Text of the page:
Split tunneling is a computer networking concept which allows a VPN user to access a public network (e.g., the Internet) and a local LAN or WAN at the same time, using the same physical network connection. This connection service is usually facilitated through a program such as a VPN client software application.
For example, suppose a user utilizes a remote access VPN software client connecting to a corporate network using a hotel wireless network. The user with split tunneling enabled is able to connect to file servers, database servers, mail servers and other servers on the corporate network through the VPN connection. When the user connects to Internet resources (Web sites, FTP sites, etc.), the connection request goes directly out the gateway provided by the hotel network.
One advantage of using split tunneling is that it alleviates bottlenecks and conserves bandwidth as Internet traffic does not have to pass through the VPN server.
Another advantage is in the case where a user works at a supplier or partner site and needs access to network resources on both networks throughout the day. Split tunneling prevents the user from having to continually connect and disconnect.
A disadvantage is that when split tunneling is enabled, users bypass gateway level security that might be in place within the company infrastructure. For example, if web or content filtering is in place, this is something usually controlled at a gateway level, not the client PC.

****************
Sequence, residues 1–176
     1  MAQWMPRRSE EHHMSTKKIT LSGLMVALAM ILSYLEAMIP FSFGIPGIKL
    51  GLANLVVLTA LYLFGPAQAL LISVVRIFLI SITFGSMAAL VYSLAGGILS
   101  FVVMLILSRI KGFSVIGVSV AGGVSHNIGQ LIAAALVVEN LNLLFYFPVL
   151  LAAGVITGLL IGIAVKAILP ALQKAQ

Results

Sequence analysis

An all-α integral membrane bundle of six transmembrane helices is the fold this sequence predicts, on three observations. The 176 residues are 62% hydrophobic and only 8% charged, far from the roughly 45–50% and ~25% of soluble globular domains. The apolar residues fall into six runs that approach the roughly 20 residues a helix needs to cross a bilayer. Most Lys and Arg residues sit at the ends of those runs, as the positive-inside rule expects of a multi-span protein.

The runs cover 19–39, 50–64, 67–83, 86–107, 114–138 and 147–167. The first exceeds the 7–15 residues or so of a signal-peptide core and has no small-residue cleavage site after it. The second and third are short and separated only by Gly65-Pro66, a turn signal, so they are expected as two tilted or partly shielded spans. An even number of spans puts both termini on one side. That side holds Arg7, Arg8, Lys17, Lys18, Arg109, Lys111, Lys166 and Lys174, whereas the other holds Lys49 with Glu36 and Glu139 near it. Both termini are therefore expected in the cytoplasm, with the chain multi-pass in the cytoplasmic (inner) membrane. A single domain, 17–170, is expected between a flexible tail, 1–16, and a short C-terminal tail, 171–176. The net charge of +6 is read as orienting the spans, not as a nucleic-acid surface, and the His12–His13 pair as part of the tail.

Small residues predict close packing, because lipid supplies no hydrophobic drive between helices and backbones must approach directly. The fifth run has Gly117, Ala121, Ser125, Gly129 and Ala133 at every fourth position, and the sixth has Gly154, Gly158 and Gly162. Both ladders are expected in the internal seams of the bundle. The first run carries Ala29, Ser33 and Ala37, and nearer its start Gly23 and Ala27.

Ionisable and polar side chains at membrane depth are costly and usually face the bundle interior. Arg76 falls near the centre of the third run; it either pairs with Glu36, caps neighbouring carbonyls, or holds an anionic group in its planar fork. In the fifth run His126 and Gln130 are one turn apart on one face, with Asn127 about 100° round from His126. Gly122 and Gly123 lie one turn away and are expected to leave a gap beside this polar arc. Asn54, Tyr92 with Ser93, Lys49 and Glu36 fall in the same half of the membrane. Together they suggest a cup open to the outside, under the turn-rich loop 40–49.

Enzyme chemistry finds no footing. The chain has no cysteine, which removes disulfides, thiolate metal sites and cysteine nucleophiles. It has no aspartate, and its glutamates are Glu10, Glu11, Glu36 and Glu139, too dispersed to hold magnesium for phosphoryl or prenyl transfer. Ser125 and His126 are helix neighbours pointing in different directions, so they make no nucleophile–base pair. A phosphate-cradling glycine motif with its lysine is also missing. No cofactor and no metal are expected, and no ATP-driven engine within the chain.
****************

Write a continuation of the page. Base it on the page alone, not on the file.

There are many variants of split tunneling that attempt to address this fundamental trust issue. Often when plain split tunneling is enabled, datagrams by default will go out the local network interface's default gateway. Only datagrams that are destined for IP networks behind the VPN terminator will go through the tunnel. This violates the principle of least privilege if a user does not absolutely require access to the entire Internet.
Inverse split tunneling
A variant of this split tunneling is called "inverse" split tunneling. By default all datagrams enter the tunnel except those destination IPs explicitly allowed by VPN gateway. The criteria for allowing datagrams to exit the local network interface (outside the tunnel) may vary from vendor to vendor (i.e.: port, service, etc.) This keeps control of network gateways to a centralized policy device such as the VPN terminator. This can be augmented by endpoint policy enforcement technologies such as an interface firewall on the endpoint device's network interface driver, group policy object or anti-malware agent. This is related in many ways to network access control (NAC).
IPv6 dual-stack networking